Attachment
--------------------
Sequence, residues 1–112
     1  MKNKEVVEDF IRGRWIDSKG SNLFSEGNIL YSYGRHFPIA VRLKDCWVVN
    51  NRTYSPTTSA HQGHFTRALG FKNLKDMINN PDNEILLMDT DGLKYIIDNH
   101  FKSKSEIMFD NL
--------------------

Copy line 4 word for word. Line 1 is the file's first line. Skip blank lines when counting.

   101  FKSKSEIMFD NL